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Does the sense of the geographic proximity of a requester influence donation? Three evaluations in field studies

Abstract : It has been reported that familiarity or incidental similarities with a stranger influenced an individual’s behavior. However, the effect of the sense of geographical proximity believing that someone comes from the same area that somebody has never been examined. Three field experiments examined this effect on donations to humanitarian organizations. In the first study, participants were asked by a confederate to donate food products to a humanitarian organization. In Study 2, participants were asked by confederates to donate money for children. In Study 3, donation boxes were displayed in bakeries with a message that invited customers to donate money for children. In all the studies, participants were led to believe that they would be helping people in need or people who live in their national or local geographic area. Results showed that donations were higher in the geographical proximity condition. This “neighborhood effect” was discussed.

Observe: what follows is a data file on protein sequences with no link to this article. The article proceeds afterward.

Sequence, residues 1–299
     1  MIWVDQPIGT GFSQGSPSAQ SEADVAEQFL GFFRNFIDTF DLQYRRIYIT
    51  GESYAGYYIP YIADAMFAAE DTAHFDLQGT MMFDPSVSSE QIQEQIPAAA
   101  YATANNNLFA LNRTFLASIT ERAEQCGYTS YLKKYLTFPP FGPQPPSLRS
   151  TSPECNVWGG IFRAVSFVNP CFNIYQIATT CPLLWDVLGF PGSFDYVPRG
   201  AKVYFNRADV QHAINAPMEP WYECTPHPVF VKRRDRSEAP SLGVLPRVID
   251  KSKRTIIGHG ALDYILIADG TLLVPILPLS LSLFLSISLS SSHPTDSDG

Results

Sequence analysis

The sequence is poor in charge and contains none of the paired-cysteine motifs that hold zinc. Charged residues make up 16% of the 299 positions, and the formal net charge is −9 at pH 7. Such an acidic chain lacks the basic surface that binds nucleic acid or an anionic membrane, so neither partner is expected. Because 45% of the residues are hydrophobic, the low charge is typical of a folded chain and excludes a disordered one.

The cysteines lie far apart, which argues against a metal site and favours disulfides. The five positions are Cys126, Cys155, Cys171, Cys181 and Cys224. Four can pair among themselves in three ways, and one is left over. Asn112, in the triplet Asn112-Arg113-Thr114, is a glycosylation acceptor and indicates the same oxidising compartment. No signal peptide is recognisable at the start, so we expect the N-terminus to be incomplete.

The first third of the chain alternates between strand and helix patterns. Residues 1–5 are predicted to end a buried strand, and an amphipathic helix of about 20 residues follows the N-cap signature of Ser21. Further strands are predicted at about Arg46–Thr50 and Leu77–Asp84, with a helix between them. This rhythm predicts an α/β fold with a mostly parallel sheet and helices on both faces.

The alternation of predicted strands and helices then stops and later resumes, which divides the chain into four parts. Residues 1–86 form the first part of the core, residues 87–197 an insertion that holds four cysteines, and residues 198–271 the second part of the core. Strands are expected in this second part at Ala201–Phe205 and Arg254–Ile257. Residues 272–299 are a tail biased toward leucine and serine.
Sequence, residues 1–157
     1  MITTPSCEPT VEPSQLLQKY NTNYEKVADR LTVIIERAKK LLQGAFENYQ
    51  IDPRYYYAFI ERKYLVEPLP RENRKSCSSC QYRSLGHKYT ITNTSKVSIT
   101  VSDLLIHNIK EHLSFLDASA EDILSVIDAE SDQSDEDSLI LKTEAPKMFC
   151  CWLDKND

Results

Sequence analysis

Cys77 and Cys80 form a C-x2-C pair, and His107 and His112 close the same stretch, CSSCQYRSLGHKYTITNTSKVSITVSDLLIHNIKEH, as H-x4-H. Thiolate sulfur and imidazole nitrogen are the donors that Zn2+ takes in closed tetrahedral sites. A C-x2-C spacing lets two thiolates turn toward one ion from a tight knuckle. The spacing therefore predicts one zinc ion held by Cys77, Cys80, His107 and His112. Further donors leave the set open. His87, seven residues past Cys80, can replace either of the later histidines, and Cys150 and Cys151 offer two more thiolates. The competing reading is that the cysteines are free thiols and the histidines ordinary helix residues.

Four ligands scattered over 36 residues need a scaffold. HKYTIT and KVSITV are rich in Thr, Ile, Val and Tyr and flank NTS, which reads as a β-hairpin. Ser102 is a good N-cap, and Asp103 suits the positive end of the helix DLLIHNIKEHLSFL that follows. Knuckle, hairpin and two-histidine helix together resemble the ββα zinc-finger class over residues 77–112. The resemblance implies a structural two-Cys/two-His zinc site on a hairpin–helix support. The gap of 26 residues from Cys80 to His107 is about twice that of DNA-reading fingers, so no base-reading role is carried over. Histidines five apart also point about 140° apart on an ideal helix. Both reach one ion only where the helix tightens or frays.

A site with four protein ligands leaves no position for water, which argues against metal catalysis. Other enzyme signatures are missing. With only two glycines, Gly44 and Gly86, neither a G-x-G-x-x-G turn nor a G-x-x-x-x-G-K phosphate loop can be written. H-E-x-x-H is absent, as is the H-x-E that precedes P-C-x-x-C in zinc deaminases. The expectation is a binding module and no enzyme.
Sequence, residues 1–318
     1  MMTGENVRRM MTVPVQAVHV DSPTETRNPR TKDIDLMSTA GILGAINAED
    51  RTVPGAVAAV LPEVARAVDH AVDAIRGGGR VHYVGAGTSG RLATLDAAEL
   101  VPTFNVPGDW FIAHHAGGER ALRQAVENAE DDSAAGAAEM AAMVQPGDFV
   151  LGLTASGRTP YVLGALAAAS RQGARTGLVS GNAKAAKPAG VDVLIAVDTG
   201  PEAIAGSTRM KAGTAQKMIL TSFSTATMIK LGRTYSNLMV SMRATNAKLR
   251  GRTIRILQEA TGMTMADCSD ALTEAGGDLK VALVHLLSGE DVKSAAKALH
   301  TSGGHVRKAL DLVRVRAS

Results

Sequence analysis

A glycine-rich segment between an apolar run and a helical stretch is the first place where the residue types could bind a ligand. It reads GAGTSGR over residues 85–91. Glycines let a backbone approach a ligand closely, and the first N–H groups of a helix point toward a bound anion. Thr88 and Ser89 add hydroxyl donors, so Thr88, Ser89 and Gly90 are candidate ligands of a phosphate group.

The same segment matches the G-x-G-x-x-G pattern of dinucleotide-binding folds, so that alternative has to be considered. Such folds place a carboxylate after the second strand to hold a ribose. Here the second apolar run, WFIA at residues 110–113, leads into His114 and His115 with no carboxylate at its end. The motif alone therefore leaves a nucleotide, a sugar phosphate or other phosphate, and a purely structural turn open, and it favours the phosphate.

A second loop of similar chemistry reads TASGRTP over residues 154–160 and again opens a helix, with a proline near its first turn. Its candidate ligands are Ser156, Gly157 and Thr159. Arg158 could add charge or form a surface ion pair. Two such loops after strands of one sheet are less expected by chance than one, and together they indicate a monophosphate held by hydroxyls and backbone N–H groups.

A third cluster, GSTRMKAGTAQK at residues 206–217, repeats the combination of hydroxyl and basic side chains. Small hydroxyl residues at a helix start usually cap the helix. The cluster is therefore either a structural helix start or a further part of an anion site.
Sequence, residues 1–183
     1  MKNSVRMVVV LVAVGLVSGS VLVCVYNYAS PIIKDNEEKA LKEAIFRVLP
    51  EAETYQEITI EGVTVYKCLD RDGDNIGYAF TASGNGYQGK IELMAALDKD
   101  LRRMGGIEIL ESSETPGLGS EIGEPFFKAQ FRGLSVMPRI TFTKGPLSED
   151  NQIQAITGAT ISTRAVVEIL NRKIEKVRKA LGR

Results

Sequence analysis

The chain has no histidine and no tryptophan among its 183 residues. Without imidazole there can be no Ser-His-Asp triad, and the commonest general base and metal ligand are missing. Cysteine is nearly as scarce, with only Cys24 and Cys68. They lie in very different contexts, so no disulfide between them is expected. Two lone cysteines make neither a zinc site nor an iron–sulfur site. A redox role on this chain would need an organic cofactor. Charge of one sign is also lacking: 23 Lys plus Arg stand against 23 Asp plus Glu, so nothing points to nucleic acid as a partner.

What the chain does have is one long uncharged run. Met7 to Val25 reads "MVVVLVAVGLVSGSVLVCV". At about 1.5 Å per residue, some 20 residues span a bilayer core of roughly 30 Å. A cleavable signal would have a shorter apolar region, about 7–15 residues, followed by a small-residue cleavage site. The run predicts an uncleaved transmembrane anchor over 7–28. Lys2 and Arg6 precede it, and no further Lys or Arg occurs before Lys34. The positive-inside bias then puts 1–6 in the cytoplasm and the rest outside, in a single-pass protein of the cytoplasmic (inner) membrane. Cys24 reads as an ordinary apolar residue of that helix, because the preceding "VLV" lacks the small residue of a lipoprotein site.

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https://hal.univ-rennes2.fr/hal-01764880
Contributor : Laurence Leroux <>
Submitted on : Thursday, April 12, 2018 - 2:14:34 PM
Last modification on : Saturday, May 4, 2019 - 4:44:02 PM

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Nicolas Guéguen, Lubomir Lamy, Jacques Fischer-Lokou. Does the sense of the geographic proximity of a requester influence donation? Three evaluations in field studies. Journal of Human Behavior in the Social Environment, Taylor & Francis (Routledge), 2017, 28 (2), pp.193 - 203. ⟨10.1080/10911359.2017.1355291⟩. ⟨hal-01764880⟩

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